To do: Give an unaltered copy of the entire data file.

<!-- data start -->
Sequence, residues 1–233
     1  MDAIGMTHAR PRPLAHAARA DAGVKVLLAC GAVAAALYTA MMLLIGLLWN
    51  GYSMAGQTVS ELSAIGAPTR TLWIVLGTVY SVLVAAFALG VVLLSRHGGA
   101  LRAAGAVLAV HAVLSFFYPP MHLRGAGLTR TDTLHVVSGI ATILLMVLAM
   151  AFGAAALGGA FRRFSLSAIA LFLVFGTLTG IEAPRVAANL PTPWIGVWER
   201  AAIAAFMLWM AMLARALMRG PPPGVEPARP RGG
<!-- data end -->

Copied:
Sequence, residues 1–233
     1  MDAIGMTHAR PRPLAHAARA DAGVKVLLAC GAVAAALYTA MMLLIGLLWN
    51  GYSMAGQTVS ELSAIGAPTR TLWIVLGTVY SVLVAAFALG VVLLSRHGGA
   101  LRAAGAVLAV HAVLSFFYPP MHLRGAGLTR TDTLHVVSGI ATILLMVLAM
   151  AFGAAALGGA FRRFSLSAIA LFLVFGTLTG IEAPRVAANL PTPWIGVWER
   201  AAIAAFMLWM AMLARALMRG PPPGVEPARP RGG